"Το κορίτσι φοράει μία ζακέτα."

Translation:The girl is wearing a sweater.

October 17, 2016

20 Comments
This discussion is locked.


https://www.duolingo.com/profile/AniOhevYayin

The word ζακέτα might pose a problem for some people who have some Spanish because chaqueta is a Spanish word for coat (Gk παλτό), whereas "sweater" in Spanish is suéter. I'm tempted to translate ζακέτα as jacket, so I'm forced to memorize το μπουφάν as "jacket" and ζακέτα as "sweater." I see from the comments here that DL accepts "jacket" for ζακέτα. Language learning is an adventure. [Thanks for response. I'll go with jacket then.]


https://www.duolingo.com/profile/G.Georgopoulos

Well, "ζακέτα" is actually closer in meaning to 'jacket", so maybe you could just learn it like that, directly ;)


https://www.duolingo.com/profile/Mark_B420

In all these sentences about wearing, accusative is not expected. Is it correct that I don't need accusative here? (I used το μπουφάν in another sentence when I wasn't sure, and that was accepted too, so I'm a little confused, all in all.)


https://www.duolingo.com/profile/mizinamo

το μπουφάν is neuter, and for neuter nouns, nominative and accusative are ALWAYS identical. In all the Indo-European languages I know (Greek, Latin, Slovak... even English has he/him and she/her but it=it).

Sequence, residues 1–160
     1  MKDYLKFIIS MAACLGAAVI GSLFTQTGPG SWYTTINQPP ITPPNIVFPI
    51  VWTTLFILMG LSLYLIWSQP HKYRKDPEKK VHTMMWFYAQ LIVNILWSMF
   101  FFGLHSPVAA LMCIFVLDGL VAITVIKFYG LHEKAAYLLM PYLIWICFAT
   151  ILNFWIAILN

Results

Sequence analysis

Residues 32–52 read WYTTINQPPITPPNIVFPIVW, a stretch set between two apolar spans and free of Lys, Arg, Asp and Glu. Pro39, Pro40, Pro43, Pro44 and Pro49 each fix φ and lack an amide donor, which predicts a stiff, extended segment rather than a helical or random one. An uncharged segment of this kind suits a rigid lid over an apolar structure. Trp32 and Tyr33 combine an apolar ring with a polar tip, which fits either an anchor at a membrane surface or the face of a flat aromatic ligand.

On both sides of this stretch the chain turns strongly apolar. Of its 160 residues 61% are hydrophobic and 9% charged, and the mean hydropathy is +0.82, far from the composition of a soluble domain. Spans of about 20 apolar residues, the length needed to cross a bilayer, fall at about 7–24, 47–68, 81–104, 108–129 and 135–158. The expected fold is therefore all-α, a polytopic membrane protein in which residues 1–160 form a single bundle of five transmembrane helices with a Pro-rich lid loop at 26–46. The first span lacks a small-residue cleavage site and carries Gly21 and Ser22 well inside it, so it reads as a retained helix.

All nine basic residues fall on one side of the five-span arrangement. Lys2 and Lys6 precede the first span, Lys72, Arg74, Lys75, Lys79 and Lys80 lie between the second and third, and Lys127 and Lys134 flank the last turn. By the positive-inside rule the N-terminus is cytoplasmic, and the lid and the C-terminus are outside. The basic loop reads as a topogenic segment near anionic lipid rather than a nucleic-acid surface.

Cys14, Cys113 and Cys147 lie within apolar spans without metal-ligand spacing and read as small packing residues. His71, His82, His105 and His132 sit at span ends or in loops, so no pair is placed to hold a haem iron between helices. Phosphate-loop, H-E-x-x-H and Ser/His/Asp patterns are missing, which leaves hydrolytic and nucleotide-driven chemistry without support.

And here you have another case where accusative looks like nominative... in Ancient Greek, you would have had the accusative ending -ν, but Modern Greek dropped lots of final nus. If you wrote μίαν ζακέταν I think you'd probably sound like a priest or something.


https://www.duolingo.com/profile/Mark_B420

OK, so for feminines with α, Nominative = Accusative. (And I am a priest, so maybe not so bad to sound like one :-) ) Thanks for the explanation.


https://www.duolingo.com/profile/kirakrakra

ackusative = nominative:

in plural for all genders

in singular for:

  1. all neuters
  2. feminines if the nominative does not end in -ς

all masculines end in -ς in nominative and looses it in ackusative singularis


https://www.duolingo.com/profile/Francesconian

In Portuguese, we sometimes can use "jaqueta" for the same piece of clothing the Greek word refers to. However, it is the word for what you Greeks call μπουφάν.

We also have the word "Paletó" (παλτό). Same pronunciation. It is often replaced by "casaco" here in Brazil. We use "paletó" just for some kinds of coats.

Κασκόλ (Portuguese 'cachecol'). Quite the same pronunciation, except by the strong SH sound in the middle of the word. I guess this word came into Greek from French.

Παντελόνι (Portuguese 'calças'). We do have "pantalonas", which are the flares (trousers).

Γραβάτα (Port. 'gravata'). Same pronunciation and same gender.

Κάλτσα (Port. 'meia'). The Greek word has almost the same pronunciation as "calças", which are the trousers.

Πουκάμισο (Port. 'camisa'). I wonder if the 'που' is a prefix. If so, what does it mean?

Μπλούζα (Port. 'Blusa'). Same pronunciation and same gender.


https://www.duolingo.com/profile/D_..

We also have καζάκα which is a (most likely) v-neck, knit vest. Could it have the same origin as your casaco?